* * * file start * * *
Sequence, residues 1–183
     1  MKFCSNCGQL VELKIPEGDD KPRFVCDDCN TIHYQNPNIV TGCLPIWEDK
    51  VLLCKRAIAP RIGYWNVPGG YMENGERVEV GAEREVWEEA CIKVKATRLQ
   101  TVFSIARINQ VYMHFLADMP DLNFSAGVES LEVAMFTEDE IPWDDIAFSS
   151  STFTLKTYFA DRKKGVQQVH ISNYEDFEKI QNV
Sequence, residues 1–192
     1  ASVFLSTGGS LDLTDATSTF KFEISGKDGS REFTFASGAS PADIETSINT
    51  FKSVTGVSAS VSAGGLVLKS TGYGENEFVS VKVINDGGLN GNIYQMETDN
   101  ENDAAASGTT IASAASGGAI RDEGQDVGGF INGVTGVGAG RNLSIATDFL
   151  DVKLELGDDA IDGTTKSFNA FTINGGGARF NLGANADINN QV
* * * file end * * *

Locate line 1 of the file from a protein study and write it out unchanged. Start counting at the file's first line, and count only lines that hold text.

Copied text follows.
Sequence, residues 1–183